The Galaxy Note 4 just came out last week and now that I’ve had enough time to put it through its paces, figured a review was in order. Check it out and let me know what you guys think in the comments below:
Samsung’s latest flagship in its Galaxy Note lineup is definitely a successor. Or maybe it’s a usurper? It adds to the Galaxy Note 3 in a lot of ways, but thanks to it’s new metal siding, it feels like its a bigger leap than it actually is (and makes the Galaxy Note 3 look a little worse than it should in comparison).
The metal siding on the device with it’s honed metal edges is a welcome change, and a necessary one for Samsung, I’m sure. When you’re selling a device for $299 on contract and over $800 without a contract (and your competitors are using premium materials like metal for similar devices), fake metal plastic, like that of the Galaxy Note 3 just doesn’t quite cut it anymore.
It’s not entirely metal, mind you, just the edges. The back is still plastic, albeit a textured to look like leather plastic. But the convenience of having a removable back comes at the cost of plastic and, frankly, it’s at least a higher quality look than the glossy plastic of old.
All in all, the device is starting to feel a bit more deserving of the price tag so when your friend whips out their iPhone 6 Plus, you won’t have to explain why yours doesn’t look like they cost the same.
The thing you might be able to gloat about slightly though over the device’s competitors, is the screen. It’s a 5.7″ Super AMOLED screen with a resolution of 2560 x 1440 or 2.5K. Colors are bright and the contrast ratio is great thanks to the AMOLED aspect of it and the resolution is at the top of the current spectrum for devices even if there’s not much content it can actually display at that resolution.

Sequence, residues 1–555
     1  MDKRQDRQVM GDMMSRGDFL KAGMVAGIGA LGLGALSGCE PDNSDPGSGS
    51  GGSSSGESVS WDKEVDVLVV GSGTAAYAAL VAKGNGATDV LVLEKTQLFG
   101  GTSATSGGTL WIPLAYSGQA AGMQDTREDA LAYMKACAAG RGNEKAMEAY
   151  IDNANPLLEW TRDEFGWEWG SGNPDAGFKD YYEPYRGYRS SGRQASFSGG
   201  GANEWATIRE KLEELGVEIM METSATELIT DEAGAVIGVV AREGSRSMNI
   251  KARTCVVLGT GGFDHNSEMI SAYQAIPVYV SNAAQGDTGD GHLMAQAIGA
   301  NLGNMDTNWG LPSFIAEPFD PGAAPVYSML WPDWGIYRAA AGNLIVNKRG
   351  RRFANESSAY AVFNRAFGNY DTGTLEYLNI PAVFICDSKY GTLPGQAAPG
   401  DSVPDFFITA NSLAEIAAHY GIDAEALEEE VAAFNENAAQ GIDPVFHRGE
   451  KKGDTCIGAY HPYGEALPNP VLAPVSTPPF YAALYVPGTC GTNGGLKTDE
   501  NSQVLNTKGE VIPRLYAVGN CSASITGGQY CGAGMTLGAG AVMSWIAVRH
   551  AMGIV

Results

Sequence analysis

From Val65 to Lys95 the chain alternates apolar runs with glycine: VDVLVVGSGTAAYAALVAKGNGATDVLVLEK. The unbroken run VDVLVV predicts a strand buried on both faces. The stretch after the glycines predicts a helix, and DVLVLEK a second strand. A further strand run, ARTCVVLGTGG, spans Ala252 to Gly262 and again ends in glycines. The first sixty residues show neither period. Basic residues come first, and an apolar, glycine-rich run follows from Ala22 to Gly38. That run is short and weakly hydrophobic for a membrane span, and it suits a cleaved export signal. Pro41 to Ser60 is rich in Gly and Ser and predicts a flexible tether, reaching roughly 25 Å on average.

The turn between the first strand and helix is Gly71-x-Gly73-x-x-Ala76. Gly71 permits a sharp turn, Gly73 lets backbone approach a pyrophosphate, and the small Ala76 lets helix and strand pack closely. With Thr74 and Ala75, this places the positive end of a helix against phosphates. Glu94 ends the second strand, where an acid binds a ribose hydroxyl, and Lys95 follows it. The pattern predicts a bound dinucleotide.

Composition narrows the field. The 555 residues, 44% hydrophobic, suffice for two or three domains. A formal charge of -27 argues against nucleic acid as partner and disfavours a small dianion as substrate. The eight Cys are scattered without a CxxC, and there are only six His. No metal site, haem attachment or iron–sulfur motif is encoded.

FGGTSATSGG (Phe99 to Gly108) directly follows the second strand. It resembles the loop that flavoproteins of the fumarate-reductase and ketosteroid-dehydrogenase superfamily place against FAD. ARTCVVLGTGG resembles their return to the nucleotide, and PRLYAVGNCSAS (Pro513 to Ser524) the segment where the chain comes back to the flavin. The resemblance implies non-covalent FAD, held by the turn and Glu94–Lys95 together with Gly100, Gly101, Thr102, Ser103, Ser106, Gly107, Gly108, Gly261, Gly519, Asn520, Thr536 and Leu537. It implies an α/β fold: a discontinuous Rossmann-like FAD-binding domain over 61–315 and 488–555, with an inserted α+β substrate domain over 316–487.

Think of it like those 4K TVs being sold right now, that’s insane resolution, but at the moment, there isn’t any content being displayed in it so it’s sort of pointless. One of the things that the device’s screen does make crisper than a 1080P screen is the Samsung software. Anything Samsung put on the device like their icons and wallpapers are at 2.5K so they look awesome, but all the other icons haven’t been updated by their developers so you won’t notice any difference there.
The other thing that looks better on a 2.5K display is text on the internet. Since text on the web is responsive it actually will make itself fit on any resolution so it automatically adapts to the 2.5K resolution and looks crisper than normal.
Besides those two things, you’ll have a hard time telling the difference in the resolution, trust me, I’ve stared at two devices side by side a way too long.